By Mark Etheridge
Charl du Toit and Fanie van der Merwe banked Team South Africa’s third and fourth medals of the Paralympic Games in Rio on Sunday as they ran to first and third place respectively in the T37 100-metre track final.
And 10 minutes after their gold-bronze sprint final it was Stellenbosch training partner Ilse Hayes who scorched to silver in the women’s T13 100m final to make it five for SA in this Games campaign.
The extra trio of medals bumped Team SA up to 16th on the medals table.
Du Toit, who broke the world record in the semi-finals with a barnstorming 11.42sec, came from behind in front of a crowd of 30,000, to take gold from Egypt’s Mostafa Mohamed in 11.45sec. He kept his cool to run a beautifully controlled race, overtaking his continental counterpart with around 25m to run and showing the world his customary smile.
‘I didn’t get the best of starts, the Egyptian guy was flying – hats off to him.
‘But I kept my control and at about 70m I knew I was in the mix. I had to really work for this one.’
Explaining the smile he said: ‘I just really enjoy athletics and just love doing this. the big smile was for my late uncle [killed in a home robbery recently], my training group, coach Suzanne Ferreira, my conditioning coach Sean Surmon and I also had my parents here which was amazing.’
Van der Merwe, the 2012 Paralympic champion in this event finished strongly to be credited with the same time as Mohamed in what will be his final Paralympics.
As for Hayes, she rocketed out of the blocks faster than anyone apart from American Kym Crosby but her nemesis of late, Ukraine’s Leilia Adzhametova hunted her down and passed about three-quarters into the race to set a new world record of 11.79sec.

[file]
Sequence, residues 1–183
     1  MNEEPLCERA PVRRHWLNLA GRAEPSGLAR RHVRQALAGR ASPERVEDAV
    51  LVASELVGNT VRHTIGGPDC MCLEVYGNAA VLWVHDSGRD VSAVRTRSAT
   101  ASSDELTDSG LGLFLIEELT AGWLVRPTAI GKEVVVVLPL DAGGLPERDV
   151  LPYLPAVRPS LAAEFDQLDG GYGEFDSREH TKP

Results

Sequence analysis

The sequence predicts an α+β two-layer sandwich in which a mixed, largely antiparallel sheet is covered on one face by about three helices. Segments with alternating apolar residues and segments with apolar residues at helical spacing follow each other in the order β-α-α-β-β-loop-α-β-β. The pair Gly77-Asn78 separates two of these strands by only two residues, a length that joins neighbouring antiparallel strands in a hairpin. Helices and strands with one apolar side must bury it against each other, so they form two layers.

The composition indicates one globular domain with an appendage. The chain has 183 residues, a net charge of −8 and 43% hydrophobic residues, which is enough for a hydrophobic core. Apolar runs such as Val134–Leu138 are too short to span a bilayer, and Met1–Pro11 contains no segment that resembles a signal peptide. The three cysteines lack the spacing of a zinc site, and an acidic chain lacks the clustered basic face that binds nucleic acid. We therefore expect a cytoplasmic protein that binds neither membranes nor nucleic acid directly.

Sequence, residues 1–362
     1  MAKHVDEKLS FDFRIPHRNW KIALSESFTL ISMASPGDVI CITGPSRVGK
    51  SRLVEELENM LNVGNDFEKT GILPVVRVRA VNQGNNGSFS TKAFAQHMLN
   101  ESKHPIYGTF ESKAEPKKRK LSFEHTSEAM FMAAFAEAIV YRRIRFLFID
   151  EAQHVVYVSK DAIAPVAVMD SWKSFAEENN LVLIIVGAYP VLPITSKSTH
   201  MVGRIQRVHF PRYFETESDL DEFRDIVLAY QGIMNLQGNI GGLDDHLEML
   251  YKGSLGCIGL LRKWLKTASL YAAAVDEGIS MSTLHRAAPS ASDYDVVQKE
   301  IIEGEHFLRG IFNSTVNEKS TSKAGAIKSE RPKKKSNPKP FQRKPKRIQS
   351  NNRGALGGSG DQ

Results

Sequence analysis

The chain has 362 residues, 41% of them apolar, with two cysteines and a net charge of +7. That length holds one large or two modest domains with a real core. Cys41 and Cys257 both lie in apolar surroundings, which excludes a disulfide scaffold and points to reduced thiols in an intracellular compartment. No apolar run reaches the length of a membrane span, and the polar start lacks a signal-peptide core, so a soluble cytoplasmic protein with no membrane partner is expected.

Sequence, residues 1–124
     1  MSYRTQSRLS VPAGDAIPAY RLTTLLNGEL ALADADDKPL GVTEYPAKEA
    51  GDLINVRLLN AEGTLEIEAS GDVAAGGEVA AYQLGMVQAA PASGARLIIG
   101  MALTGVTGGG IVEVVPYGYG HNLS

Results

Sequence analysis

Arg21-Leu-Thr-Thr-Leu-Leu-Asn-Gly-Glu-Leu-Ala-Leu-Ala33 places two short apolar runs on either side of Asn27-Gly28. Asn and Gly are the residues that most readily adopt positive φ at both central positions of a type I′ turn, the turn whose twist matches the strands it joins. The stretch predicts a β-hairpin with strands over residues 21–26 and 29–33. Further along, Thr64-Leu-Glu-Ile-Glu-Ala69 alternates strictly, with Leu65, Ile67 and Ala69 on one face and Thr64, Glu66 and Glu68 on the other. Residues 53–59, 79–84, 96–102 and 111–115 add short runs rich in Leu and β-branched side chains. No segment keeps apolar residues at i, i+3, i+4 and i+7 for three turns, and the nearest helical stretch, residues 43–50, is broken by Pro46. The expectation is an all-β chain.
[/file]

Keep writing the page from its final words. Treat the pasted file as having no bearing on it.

Hayes’ time was non too shabby either as she clocked a season’s best 11.91 with Crosby third in 12.24.
Of the eight finishers there was one world record, one season’s best and three personal bests, testimony to the lightning quick nature of the track.
Out on Estadio Lagoa, the rowing crowd were in action in the LTA Mix4+ final and pulled their way to a brave fifth-placed finish.
They clocked 3min 28.39sec for the 1000m course as Great Britain, USA and Canada won gold, silver and bronze respectively.
Winning time for Great Britain was 3:17.17 as they won gold by more than two seconds and were outside Germany’s Paralympic record of 3:15.91 set four years ago in London. But, coxed by Willie Morgan, Shannon Murray, Lucy Perold, Dylan Trollope and Dieter Roslee can still hold their heads high. Trollope turned 19 on Saturday and would no doubt have loved a medal to celebrate with… but it was not to be.
Earlier Sandra Khumalo had ended fourth in the B Final of the ASW1X Single Skulls.
Competing at her second Paralympics, she stormed her way to a time of 5min 58.770sec for the 1000m.
Going through 250 in 1:23.930, halfway in 2:53.500 and the three-quarter mark in 4:24.760, she was third but overtaken by the Italian boat in the final stages.
In the pool, teenager Alani Ferreira ended seventh in heat two of the SB13 100m breaststroke. She clocked 1:27.52 which ranked her 13th of 15 competitors as the slowest qualifier for the final went 1:21.74.
Next to go was Kevin Paul, winner of SA’s first gold at these Paralympics on Thursday (SB9 breaststroke). Sunday saw him in S10 200m Individual Medley action. In Heat Two, he ended fourth in 2:15.09, as Denys Dubrov, the man he beat into silver on Thursday wooing 2:09.23.
But it was still good enough to get him through to the eight-man final with only 11 swimmers starting this event.
In the women’s powerlifting event Chantell Stierman ended sixth of seven competitors in the -61kg division. The Kimberley lifter, who was part of Team SA at the Commonwealth Games in Glasgow, two years ago had a best of 80kg on the day as Nigeria’s Lucky Ejike set a Paralympic and world record of 142kg.